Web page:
﻿ power_learn_220V_mosfet_igbt_difference.tsc - TINACloud

# Expert Talk: What is the difference between a MOSFET and an IGBT?

## Open online SPICE simulator circuit link: power_learn_220V_mosfet_igbt_difference.TSC

### Expert Talk: What is the difference between a MOSFET and an IGBT?

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MOSFET Circuit

In this expert talk you will learn about the difference between MOSFETs and IGBTs. Both are used as "solid state switches"
in combination with passive components for controlling the energy transfer from a source (battery or grid) to a energy sink (e.g., motor).
- MOSFET stands for: Metal Oxide Semiconductor Field-Effect Transistor
- IGBT stands for: Insulated Gate Bipolar Transistor

1) Switching Control
Not much difference here: both devices are controlled by applying a voltage to the Gate pin
- Zero or negative voltage at Gate pin: Switch is OFF (no current flows)
- Positive Gate voltage: Switch turns ON (current flows)

2) Switch is OFF: Voltage Class says how much stress switch can take
Big difference here:
- IGBT can stay much higher voltage until the switch breaks through (up to a few 1000 V)
- MOSFETs usually can stand voltages below 1000 V

3) Switch is ON: Current flows through the switch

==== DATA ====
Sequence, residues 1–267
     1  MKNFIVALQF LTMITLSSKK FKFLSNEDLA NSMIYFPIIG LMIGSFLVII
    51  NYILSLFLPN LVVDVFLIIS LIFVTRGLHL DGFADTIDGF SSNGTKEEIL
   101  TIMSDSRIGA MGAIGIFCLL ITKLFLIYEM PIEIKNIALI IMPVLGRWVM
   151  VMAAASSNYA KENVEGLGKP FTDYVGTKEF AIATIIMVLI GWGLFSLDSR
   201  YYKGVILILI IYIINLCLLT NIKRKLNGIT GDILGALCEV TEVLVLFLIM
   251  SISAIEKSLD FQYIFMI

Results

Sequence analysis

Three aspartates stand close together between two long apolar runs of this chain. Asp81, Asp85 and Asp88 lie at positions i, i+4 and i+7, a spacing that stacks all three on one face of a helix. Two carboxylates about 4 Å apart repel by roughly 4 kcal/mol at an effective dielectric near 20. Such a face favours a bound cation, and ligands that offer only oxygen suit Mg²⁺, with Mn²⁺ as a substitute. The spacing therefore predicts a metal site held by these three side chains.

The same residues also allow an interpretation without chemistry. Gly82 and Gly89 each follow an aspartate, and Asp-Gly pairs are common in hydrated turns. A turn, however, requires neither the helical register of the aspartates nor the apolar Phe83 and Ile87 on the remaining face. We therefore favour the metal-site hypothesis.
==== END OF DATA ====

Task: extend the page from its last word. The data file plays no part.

Big difference here: IGBT can carry more current than MOSFETs
- MOSFET use either electrons (n) or holes (p) carriers for the current flow
- IGBTs use both carriers in parallel: n and p. There for the term "bipolar"

4) Frequency of Switching
Big difference here: MOSFET can switch faster since they use only n or p carriers
- MOSFET can switch up 1000 kHz or higher
- IGBT can switch up to 100 kHz

5) Losses (Energy Efficiency)
Two main contributors make up the overall losses:
- Conduction Loss (Switch is ON): MOSFET loss scales square like with current while IGBT does so linearly
P_loss_c_mosfet = \e(I,2) * \i(R,ds_on) P_loss_c_igbt = I * \i(V,ce_on)
- Switching Loss (OFF->ON->OFF): MOSFET is far better than IGBTs at a given frequency

Conclusion:
- Use MOSFET: high switching frequency applications and highest efficiency with small size (e.g., Switched mode Power Supply)
- Use IGBT: low switching frequency but high current and voltage applications (e.g., Industrial Motor Control & Drives)

IGBT Circuit

{2. click on Run to calculate components}
{3. click Simulate Transient }

fs:= 20k {switching frequency}
T:=1/fs
T=[50u]
Duty:=0.2 {duty cycle}

T_ON:= Duty*T {on time}
T_ON=[10u]
T_OFF:=T-T_ON
T_OFF=[40u]
{==============================}
SwitchingControlT2:=T_ON
SwitchingControlT6:=T_OFF

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